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Listed: Clinic + Vietnam

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Every Friday, Dusted Magazine publishes a series of music-related lists determined by our favorite artists. This week: Liverpool's Clinic and New York's Vietnam.

Listed: Clinic + Vietnam


It is unlikely that many bands have had careers as oddly punctuated, and as physically uncomfortable, as that of Clinic. The group emerged in the late ’90s seemingly from out of nowhere with a pair of EPs, both of which piqued the interest of tune-diggers in the UK and the U.S. alike. Among the early fans of the band were the tastemakers at WFMU, and Thom Yorke. Soon afterwards the band signed to Domino records and released their debut album, Internal Wrangler (Domino), toured with Radiohead, and became instant indie rock favorites. After barely two years of silence, the band returned with Walking With Thee on Domino. It took off so quickly that Universal saw fit to license and re-release the record, which was eventually nominated for a Grammy. Their newest album, Winchester Cathedral shows the band fine-tuning their unmistakably tense, fidgety rock. And, perhaps most importantly, they are still wearing full surgical outfits (including the masks) for all public appearances. Winchester Cathedral is out later this month. Ade Blackburn contributed this week's list.

1. Animal Collective - Sung Tongs (FatCat) – The skewed use of vocals and rhythms really make this album stand out. It sounds very unconventional but still squeezes in strong hooks.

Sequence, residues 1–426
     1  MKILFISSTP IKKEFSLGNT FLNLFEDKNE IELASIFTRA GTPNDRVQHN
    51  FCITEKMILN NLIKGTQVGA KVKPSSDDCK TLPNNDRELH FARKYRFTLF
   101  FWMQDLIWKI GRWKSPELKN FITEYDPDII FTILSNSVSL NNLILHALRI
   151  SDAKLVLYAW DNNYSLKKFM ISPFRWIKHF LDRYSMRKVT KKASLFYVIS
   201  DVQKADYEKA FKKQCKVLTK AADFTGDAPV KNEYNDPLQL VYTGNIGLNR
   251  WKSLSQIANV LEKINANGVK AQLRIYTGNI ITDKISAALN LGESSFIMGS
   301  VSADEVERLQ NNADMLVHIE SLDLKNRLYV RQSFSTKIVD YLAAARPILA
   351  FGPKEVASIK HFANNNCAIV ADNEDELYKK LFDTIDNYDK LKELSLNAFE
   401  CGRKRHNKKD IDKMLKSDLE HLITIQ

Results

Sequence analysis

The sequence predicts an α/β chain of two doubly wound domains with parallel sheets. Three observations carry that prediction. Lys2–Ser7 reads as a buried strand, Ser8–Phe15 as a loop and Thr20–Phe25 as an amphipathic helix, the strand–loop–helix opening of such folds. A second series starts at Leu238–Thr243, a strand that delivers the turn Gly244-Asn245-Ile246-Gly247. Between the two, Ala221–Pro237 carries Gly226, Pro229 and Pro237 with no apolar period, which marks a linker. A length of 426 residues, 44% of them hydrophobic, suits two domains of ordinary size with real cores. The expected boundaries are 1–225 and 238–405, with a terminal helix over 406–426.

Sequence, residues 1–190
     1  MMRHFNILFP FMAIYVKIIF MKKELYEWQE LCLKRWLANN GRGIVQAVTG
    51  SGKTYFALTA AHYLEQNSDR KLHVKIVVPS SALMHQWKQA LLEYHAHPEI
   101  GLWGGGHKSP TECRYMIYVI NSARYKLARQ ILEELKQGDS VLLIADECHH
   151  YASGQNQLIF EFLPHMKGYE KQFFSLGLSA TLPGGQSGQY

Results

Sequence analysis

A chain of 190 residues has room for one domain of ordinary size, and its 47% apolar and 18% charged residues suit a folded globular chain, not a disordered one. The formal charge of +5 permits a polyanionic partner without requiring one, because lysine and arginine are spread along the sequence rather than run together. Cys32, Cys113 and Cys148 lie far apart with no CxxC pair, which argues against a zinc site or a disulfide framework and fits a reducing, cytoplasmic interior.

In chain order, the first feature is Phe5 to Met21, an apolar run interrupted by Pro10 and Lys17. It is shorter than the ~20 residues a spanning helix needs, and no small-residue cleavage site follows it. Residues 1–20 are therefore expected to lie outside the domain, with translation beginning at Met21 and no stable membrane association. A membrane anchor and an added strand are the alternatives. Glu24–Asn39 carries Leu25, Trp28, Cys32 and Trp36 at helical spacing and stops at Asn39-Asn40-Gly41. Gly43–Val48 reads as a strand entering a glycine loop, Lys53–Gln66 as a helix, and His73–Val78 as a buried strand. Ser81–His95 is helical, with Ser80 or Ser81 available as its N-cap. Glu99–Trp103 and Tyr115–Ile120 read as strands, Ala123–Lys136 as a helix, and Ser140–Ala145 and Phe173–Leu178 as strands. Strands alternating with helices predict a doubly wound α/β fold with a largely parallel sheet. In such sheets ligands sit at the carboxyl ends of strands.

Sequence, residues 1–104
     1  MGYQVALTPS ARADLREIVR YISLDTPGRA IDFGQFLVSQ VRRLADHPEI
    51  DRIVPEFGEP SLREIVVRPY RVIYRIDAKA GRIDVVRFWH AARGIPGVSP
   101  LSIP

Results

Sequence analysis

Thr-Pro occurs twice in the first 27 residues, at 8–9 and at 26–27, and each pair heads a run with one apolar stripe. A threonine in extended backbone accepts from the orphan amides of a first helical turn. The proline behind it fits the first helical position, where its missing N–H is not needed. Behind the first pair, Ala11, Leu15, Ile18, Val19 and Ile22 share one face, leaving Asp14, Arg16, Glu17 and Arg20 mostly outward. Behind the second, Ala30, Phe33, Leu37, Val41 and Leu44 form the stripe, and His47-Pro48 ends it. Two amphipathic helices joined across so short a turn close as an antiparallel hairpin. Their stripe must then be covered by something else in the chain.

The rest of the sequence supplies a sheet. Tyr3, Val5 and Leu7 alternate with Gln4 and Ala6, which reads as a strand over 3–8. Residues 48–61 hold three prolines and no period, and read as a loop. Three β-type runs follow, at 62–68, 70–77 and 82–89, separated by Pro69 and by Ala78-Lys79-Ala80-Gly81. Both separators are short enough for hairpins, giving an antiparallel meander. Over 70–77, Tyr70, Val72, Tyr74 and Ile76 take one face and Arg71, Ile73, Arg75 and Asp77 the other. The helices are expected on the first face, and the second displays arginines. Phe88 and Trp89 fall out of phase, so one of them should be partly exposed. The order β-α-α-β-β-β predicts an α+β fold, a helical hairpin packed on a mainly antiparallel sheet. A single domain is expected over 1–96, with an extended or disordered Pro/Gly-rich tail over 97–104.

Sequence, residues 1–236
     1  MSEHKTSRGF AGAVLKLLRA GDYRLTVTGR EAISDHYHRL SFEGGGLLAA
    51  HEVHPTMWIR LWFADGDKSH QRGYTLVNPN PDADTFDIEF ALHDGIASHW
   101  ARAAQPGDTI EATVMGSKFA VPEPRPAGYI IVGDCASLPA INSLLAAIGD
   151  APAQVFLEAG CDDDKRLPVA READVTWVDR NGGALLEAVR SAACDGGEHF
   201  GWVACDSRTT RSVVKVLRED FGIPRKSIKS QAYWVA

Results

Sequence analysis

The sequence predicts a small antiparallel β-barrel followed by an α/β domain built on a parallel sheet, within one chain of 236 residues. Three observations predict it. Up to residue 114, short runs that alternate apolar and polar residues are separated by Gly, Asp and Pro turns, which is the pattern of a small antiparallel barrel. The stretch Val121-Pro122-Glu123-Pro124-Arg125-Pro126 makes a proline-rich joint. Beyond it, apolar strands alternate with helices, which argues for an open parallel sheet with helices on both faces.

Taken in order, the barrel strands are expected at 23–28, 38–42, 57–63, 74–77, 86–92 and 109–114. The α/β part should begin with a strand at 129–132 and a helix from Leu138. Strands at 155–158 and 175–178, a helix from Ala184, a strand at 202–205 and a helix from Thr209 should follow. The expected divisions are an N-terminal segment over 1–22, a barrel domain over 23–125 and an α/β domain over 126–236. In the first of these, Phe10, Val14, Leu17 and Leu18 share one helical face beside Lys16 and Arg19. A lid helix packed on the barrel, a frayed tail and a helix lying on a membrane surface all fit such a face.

2. Amon Düül - Psychedelic Underground (Repertoire) – Again, the tribal rhythms and chants give Amon Duul a sound completely outside of the standard rock trappings. This is driven home further by ridiculous (but inspired) sound effects.

3. Van Dyke Parks - Song Cycle (Warner Bros.) – Inexplicably virtually ignored upon its release ('67), Parks, a sporadic collaborator with Brian Wilson, created an almost Vaudeville-sounding album. It harkens back to much older eras and writers such as Cole Porter.

4. Oneida - Secret Wars (Secretly Canadian) – A strange heady mix of styles, taking in punk, experimentalism and even a hint of progressive rock. All done with supreme intensity and a keen ear for melody.

5. The Mel-O-Tones - The Mel-O-Tones (Probe Plus) – Warped Beefheart vocals, barking over twisted rockabilly riffs. Everything has excessive echo. An absolute must. Includes the classic “I Walked With A Bugs Benny Bendy Toy.”

6. Electric Eels - Eyeball of Hell (Scat) – Proto-punk from '70s Cleveland. A complete racket, with sublime lyrics and genius free-form guitar. Offensive and essential.

7. The Residents - Meet the Residents (East Side Digital) – Their first album from '73, brilliantly almost indescribable. Very weird and discordant yet very catchy. Even includes a wah-wah groove excursion. Sounds ahead of its time even now.

8. The Deep - Psychedelic Moods (Collectables) – Generally credited as the first true psychedelic album, with the legendary “Not to be played to children” on its sleeve. Off the scale acid experimentation, with some great songs.